This year, as we all know, spring has come early, as evidenced by the migratory birds who swoop down on my lawn to efficiently pick it clean of suddenly uncovered bugs and bits of whatever else they eat. They arrive en masse and scatter at the drop of a leaf, but return within seconds to peck at the dirt with increased diligence. I've wasted some time watching them (and coveting their focus), so I know.
In contrast, fat robins bounce all over the yard, solo, as if looking for something they've lost. The sedum has erupted into tight green roses and the chives have already sent up thin spires (their green onion flavor sweeter now than anytime in the season) and then there are the trumpeter swans, whose return to the creek is about two months early.
These swans, their honking as inelegant and brassy as ever, turn our creek into a boisterous main street in the grip of spring fever. In pairs of two they swoop the creek, flying low, bellowing to their friends hanging out on the ground, whipping around at the end and taking the return flight slow. They cruise like teenagers, with unrestrained enthusiasm, totally oblivious to bystanders.
With all these spring hormones loose in the air, I want to make something equally dynamic for dinner, something bright with life force. And so I went to the store to stare at the heads of cauliflower wrapped in plastic and the bags of carrots and potatoes, the leeks obviously separated from their dirty fronds so long ago. I've spent all winter squeezing the life and flavor out of these things--and I've thoroughly enjoyed it, too--but at this point, late March, the end of the world calendar for cold-climate vegetables, I looked at them with--I can't help it--total disappointment.
And then I saw the oranges. Redemption. I wanted to make a vibrant salad--but nothing with onions (too sharp) or black olives (too expensive, too distracting), which are the traditional elements of the Middle Eastern orange salad. So I made up something new last night from a mixture of sliced Cara Cara oranges and Minneola tangerines. Alone, they were both amazing, dripping with juice, their forthright acidity perfectly moderated with the smack of ripe sugar. I ate one of them au naturel, then sliced the rest and laid them out on a bright turqoise platter--it doesn't get any more spring-like than South Beach aqua--and doused them with extra-virgin olive oil: my best, a gift bottle, a golden elixir. Then I splashed on some more. I tipped the plate and dipped a spoon tip into the pool of liquid and decided that tart orange juice and good olive oil was an intoxicating soup--and would it work for a cleanse if I promise to drink a pint of it every day? I could try.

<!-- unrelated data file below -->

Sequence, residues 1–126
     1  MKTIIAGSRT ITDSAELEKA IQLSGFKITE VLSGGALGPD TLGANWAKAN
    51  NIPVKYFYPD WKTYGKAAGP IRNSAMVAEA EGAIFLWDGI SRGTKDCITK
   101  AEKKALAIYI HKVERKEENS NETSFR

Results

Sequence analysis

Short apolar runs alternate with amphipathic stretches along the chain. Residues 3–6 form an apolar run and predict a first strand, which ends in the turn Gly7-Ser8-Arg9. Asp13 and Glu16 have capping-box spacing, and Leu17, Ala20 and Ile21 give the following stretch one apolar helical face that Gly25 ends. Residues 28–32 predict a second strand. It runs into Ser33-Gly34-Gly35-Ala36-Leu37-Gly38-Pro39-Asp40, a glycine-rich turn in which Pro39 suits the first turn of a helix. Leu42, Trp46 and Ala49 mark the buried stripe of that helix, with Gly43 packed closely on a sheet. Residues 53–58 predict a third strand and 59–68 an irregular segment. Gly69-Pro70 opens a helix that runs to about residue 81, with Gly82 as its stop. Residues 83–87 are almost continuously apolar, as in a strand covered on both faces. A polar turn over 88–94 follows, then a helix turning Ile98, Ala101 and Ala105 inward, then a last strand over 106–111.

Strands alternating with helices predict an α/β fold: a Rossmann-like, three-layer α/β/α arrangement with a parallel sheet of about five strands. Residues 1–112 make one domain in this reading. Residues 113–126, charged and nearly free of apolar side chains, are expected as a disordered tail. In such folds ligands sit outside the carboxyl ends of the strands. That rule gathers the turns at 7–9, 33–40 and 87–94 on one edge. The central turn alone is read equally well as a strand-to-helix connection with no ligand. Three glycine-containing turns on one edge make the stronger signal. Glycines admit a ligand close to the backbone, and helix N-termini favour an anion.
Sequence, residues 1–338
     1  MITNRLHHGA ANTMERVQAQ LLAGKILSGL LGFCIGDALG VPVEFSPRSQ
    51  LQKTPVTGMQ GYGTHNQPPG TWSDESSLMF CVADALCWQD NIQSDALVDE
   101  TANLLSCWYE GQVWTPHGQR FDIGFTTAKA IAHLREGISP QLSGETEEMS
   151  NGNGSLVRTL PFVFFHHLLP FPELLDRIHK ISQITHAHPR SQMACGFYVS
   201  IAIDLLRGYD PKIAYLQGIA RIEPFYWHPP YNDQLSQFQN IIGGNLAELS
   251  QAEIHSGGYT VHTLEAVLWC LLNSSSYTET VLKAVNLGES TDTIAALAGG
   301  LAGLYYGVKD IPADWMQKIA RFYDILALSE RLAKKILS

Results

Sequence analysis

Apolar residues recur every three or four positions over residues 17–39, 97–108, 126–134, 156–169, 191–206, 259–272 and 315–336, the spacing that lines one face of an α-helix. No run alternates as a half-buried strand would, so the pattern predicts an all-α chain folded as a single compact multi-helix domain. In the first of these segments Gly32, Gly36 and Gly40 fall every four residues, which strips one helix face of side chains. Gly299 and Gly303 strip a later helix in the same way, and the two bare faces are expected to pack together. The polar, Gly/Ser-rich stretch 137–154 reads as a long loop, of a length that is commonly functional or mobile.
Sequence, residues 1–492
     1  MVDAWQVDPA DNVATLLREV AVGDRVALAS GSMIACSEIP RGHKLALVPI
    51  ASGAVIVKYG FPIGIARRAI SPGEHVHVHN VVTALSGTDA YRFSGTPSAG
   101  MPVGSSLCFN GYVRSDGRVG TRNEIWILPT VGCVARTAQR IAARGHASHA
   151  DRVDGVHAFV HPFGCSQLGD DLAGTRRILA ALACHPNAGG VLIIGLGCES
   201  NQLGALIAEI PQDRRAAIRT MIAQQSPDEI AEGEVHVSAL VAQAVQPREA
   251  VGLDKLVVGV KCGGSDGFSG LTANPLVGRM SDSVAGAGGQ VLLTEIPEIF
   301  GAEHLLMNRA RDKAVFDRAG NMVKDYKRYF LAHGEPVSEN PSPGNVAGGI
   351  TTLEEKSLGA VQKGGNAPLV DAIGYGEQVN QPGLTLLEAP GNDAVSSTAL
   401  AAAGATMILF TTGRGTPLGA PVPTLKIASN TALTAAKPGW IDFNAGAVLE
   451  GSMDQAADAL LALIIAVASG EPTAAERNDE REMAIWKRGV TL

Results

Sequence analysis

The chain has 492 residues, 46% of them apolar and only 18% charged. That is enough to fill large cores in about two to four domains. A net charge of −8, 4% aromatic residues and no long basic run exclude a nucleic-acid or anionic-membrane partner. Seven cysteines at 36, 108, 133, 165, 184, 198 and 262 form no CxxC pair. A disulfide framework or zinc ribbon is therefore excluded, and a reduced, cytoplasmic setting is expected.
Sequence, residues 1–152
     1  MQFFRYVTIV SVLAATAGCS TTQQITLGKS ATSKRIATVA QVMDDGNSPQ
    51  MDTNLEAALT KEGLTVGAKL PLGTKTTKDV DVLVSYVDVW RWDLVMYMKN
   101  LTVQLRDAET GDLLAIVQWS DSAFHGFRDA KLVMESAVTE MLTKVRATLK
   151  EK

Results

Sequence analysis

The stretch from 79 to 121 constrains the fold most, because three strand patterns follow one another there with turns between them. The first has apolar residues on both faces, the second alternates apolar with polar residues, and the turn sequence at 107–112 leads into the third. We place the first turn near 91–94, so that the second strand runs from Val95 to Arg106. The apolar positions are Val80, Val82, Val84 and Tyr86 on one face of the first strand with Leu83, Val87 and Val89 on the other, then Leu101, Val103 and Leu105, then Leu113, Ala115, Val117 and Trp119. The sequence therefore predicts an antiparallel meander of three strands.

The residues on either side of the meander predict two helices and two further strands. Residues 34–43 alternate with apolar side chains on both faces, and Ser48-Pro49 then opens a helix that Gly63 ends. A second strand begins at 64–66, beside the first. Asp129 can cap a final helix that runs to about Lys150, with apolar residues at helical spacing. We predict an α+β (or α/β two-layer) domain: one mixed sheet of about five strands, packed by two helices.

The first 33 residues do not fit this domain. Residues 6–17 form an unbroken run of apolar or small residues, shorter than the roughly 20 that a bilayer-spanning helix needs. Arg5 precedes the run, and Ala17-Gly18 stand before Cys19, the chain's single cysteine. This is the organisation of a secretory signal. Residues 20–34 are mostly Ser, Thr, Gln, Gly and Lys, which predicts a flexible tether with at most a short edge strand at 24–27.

The rest of the salad accumulated like people arriving to a party. Salt and pepper were sprinkled, to make it clear that this thing was savory. Aleppo pepper went down, for moderate spice, and then crushed pistachio nuts from Arizona, totally in-step for both flavor and color, and parsley leaves, hardly chopped, strewn like herbal grass clippings, ceremonial.
This week I realized that I much prefer for spring to arrive when the citrus is still at its peak. Can we do this again next year?
Orange Salad with Extra-Virgin Olive Oil, Pistachios and Chili
4 oranges (a mix of Cara Cara and Minneola Tangelos)
1/4 teaspoon salt
1/4 teaspoon freshly ground black pepper
1/2 teaspoon Aleppo pepper (substitute 1/4 teaspoon red pepper flakes)
1/4 teaspoon freshly ground coriander seed
4 tablespoons best extra-virgin olive oil
1 tablespoon chopped parsley
2 tablespoons crushed pistachios
Lop the tops and bottoms from the oranges and then slice off the skin and pith in long, curving swoops. Trim off any remaining white pith with the butt end of the knife.
Slice the oranges crosswise into thin rounds and arrange on a platter. Sprinkle with salt, pepper, Aleppo pepper (or a few pepper flakes), ground coriander seed, olive oil, parsley and pistachios.
Let the salad sit for at least 30 minutes before serving.